for efficiency Disadvantages: Complexity Communication overhead
Distributed control
Slide 76
Questions?
Slide 77
Parallelism
Slide 78
Using multiple processors to solve a single task. Involves:
Breaking the task into meaningful pieces Doing the work on many
processors Coordinating and putting the pieces back together.
Slide 79
Parallelism CPU Memory Network Interface
Slide 80
Parallelism 1 2 3 4 1 234 CPUs Tasks
Slide 81
Pipeline Processing Repeating a sequence of operations or
pieces of a task. Allocating each piece to a separate processor and
chaining them together produces a pipeline, completing tasks
faster. ABCD input output
Slide 82
Example Suppose you have a choice between a washer and a dryer
each having a 30 minutes cycle or A washer/dryer with a one hour
cycle The correct answer depends on how much work you have to
do.
Slide 83
One Load washdry combo Transfer Overhead
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Three Loads washdry combo wash dry combo
Slide 85
Examples of Pipelined Tasks Automobile manufacturing
Instruction processing within a computer 154 32 1 23 4 5 1 23 4 5 1
2 3 4 5 A B C D 12345670 time
Slide 86
Task Queues P1P2P3Pn Super Task Queue A supervisor processor
maintains a queue of tasks to be performed in shared memory. Each
processor queries the queue, dequeues the next task and performs
it. Task execution may involve adding more tasks to the task
queue.
Slide 87
Parallelizing Algorithms How much gain can we get from
parallelizing an algorithm?
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Parallel Bubblesort 9387746557453327 9387746557453327
9387746557453327 We can use N/2 processors to do all the
comparisons at once, flopping the pair-wise comparisons.
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Runtime of Parallel Bubblesort 93877465574533273
93877465574533274 93877465574533275 93877465574533276
93877465574533277 93877465574533278
Slide 90
Completion Time of Bubblesort Sequential bubblesort finishes in
N 2 time. Parallel bubblesort finishes in N time. Bubble Sort
parallel O(N 2 ) O(N)
Slide 91
Product Complexity Got done in O(N) time, better than O(N 2 )
Each time chunk does O(N) work There are N time chunks. Thus, the
amount of work is still O(N 2 ) Product complexity is the amount of
work per time chunk multiplied by the number of time chunks the
total work done.
Slide 92
Ceiling of Improvement Parallelization can reduce time, but it
cannot reduce work. The product complexity cannot change or
improve. How much improvement can parallelization provide? Given an
O(NLogN) algorithm and Log N processors, the algorithm will take at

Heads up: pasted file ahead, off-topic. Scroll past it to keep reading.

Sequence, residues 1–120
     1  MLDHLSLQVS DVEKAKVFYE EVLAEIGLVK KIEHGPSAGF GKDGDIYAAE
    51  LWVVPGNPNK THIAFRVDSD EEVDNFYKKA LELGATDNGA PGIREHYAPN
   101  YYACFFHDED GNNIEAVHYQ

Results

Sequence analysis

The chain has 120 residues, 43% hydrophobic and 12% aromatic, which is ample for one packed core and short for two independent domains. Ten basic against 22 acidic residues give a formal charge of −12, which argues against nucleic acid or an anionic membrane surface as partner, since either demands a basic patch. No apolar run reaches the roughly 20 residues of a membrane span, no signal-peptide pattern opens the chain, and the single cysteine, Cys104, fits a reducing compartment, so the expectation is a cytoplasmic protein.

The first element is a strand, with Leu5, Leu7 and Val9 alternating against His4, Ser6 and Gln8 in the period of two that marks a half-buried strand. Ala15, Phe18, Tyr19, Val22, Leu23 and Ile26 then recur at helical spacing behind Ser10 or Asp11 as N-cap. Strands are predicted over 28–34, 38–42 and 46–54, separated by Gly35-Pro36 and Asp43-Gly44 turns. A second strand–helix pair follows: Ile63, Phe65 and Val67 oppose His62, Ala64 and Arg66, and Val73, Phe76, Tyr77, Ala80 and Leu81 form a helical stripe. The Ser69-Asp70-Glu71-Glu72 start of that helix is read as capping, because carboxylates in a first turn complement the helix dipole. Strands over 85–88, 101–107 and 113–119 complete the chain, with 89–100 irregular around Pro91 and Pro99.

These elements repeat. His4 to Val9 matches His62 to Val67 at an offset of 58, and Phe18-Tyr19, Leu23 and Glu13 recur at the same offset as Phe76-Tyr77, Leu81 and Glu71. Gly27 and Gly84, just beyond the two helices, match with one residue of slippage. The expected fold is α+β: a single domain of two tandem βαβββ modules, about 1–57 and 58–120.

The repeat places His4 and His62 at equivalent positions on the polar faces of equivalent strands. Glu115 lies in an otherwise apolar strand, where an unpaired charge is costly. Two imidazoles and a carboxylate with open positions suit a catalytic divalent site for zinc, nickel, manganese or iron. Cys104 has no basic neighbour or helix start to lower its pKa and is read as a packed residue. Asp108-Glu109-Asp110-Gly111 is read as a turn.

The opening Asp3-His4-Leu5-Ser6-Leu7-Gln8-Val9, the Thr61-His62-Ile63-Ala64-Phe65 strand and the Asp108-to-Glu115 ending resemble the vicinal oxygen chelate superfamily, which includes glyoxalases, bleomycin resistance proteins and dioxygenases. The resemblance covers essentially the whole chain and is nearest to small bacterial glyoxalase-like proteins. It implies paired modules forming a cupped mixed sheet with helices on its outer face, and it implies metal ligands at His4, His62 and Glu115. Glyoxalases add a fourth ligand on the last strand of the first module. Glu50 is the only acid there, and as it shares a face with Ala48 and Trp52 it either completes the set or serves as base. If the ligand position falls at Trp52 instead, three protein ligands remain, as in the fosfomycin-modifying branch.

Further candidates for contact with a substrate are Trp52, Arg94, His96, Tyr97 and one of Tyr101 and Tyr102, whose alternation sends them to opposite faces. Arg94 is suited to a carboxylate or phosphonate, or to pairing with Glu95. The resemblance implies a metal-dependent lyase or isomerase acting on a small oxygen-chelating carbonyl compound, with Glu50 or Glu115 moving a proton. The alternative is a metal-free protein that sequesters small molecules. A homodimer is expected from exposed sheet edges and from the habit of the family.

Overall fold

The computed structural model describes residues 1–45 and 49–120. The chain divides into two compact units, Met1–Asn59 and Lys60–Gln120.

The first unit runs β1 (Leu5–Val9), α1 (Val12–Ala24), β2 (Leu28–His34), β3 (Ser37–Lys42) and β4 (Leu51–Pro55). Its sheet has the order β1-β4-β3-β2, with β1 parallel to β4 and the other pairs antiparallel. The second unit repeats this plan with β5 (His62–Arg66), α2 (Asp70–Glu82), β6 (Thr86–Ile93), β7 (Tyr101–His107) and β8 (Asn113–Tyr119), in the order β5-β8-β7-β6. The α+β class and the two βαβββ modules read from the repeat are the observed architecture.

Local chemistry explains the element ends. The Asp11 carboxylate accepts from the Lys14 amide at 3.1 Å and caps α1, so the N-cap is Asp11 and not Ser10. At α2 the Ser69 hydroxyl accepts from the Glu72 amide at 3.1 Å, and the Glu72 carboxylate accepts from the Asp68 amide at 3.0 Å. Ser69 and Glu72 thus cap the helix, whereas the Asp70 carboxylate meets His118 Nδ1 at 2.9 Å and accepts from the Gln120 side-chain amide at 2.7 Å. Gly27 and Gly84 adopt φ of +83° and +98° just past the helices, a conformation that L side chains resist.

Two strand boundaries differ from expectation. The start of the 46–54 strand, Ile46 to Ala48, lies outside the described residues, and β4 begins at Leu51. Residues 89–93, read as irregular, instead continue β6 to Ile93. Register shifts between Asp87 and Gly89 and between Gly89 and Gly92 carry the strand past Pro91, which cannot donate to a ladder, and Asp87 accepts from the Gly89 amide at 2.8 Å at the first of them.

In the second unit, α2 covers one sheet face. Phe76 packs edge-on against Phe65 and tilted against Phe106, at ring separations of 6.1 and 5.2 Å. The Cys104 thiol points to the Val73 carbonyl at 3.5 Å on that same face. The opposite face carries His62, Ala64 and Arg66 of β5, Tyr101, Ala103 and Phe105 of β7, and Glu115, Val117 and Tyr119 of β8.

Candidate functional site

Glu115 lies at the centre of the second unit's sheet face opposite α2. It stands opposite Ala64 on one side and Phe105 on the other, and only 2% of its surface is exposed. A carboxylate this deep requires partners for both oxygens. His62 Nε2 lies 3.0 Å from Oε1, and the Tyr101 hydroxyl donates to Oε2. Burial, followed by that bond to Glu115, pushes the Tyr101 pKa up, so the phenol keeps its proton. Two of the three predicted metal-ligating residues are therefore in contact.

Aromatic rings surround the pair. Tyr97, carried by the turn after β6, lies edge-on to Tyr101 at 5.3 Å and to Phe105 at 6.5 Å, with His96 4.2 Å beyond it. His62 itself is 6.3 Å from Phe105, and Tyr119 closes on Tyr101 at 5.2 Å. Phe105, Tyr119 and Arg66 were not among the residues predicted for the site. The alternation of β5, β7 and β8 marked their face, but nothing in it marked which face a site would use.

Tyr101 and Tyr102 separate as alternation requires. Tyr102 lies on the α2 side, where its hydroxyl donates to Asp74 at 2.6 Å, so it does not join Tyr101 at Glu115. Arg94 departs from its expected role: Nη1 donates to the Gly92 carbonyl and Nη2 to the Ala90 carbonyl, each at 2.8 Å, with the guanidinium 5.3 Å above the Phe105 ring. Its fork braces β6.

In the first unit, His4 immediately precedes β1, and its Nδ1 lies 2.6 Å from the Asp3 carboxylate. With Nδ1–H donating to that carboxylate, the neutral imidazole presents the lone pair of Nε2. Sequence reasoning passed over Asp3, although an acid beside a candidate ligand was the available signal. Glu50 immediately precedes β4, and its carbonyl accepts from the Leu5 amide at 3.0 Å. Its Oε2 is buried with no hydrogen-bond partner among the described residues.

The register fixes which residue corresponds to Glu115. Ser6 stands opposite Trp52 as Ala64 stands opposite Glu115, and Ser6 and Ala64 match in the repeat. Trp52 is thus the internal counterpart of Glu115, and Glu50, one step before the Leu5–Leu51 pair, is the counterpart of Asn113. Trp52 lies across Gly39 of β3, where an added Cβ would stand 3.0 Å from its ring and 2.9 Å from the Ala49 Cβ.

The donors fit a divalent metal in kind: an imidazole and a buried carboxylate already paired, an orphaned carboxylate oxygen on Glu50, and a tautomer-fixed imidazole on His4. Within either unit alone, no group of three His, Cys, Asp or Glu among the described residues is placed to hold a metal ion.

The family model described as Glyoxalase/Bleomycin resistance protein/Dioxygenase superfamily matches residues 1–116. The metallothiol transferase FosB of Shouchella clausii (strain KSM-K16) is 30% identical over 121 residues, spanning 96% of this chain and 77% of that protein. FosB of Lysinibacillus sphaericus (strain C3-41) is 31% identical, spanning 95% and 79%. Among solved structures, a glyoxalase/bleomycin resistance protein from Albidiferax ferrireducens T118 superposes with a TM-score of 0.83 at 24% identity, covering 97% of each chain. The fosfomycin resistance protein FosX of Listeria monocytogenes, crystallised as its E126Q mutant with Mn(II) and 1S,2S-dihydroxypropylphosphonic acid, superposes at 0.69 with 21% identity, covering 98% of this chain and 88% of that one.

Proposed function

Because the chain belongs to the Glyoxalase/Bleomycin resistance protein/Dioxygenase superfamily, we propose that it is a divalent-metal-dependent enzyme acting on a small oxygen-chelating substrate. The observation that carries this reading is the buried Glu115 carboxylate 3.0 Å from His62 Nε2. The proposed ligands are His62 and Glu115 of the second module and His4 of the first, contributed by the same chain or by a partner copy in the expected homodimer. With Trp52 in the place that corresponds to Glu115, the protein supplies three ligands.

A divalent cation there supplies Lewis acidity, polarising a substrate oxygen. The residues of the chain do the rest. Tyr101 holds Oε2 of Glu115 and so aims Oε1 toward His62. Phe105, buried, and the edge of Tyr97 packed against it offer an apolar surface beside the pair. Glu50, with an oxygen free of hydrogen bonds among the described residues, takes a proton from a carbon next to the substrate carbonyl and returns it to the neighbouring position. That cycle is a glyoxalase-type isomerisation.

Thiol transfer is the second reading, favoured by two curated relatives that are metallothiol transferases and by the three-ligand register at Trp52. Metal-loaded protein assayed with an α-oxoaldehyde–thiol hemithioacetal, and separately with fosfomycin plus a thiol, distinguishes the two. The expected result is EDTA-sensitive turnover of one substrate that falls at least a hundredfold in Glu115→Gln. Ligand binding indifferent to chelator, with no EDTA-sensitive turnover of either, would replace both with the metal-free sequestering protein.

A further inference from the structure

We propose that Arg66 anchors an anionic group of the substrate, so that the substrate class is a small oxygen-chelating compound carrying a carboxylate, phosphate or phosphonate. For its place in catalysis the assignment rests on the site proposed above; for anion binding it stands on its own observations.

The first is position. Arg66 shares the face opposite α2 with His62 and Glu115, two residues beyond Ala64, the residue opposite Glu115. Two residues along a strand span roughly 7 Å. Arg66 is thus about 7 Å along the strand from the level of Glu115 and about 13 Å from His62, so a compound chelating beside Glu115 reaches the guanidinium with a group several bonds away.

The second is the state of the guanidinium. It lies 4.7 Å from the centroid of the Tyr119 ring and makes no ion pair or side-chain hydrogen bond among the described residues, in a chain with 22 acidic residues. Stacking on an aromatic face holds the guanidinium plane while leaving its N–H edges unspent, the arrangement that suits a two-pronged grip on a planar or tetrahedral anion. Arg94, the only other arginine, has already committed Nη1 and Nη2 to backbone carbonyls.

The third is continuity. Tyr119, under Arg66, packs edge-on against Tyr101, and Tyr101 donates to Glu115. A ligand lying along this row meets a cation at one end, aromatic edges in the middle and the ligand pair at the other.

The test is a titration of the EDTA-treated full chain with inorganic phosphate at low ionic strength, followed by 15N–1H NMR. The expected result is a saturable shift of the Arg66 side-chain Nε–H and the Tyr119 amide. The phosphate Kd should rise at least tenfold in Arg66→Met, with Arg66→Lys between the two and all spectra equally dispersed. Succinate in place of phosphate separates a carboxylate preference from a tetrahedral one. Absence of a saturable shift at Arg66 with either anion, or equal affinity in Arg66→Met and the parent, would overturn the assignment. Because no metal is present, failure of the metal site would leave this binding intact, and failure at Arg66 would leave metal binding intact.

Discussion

least O(?) time. Given an O(N 3 ) algorithm and N processors, the
algorithm will take at least O(?) time. O(N) time. O(N 2 )
time.
Slide 93
Number of Processors Processors are limited by hardware.
Typically, the number of processors is a power of 2 Usually: The
number of processors is a constant factor, 2 K Conceivably:
Networked computers joined as needed (ala Borg?).
Slide 94
Adding Processors A program on one processor Runs in X time
Adding another processor Runs in no more than X/2 time
Realistically, it will run in X/2 + time because of overhead At
some point, adding processors will not help and could degrade
performance.
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Overhead of Parallelization Parallelization is not free.
Processors must be controlled and coordinated. We need a way to
govern which processor does what work; this involves extra work.
Often the program must be written in a special programming language
for parallel systems. Often, a parallelized program for one machine
(with, say, 2 K processors) doesnt work on other machines (with,
say, 2 L processors).
Slide 96
What We Know about Tasks Relatively isolated units of
computation Should be roughly equal in duration Duration of the
unit of work must be much greater than overhead time Policy
decisions and coordination required for shared data Simpler
algorithm are the easiest to parallelize
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Questions?
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More?
Slide 99
Matrix Multiplication
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Inner Product Procedure Procedure inner_prod(a, b, c isoftype
in/out Matrix, i, j isoftype in Num) // Compute inner product of
a[i][*] and b[*][j] Sum isoftype Num k isoftype Num Sum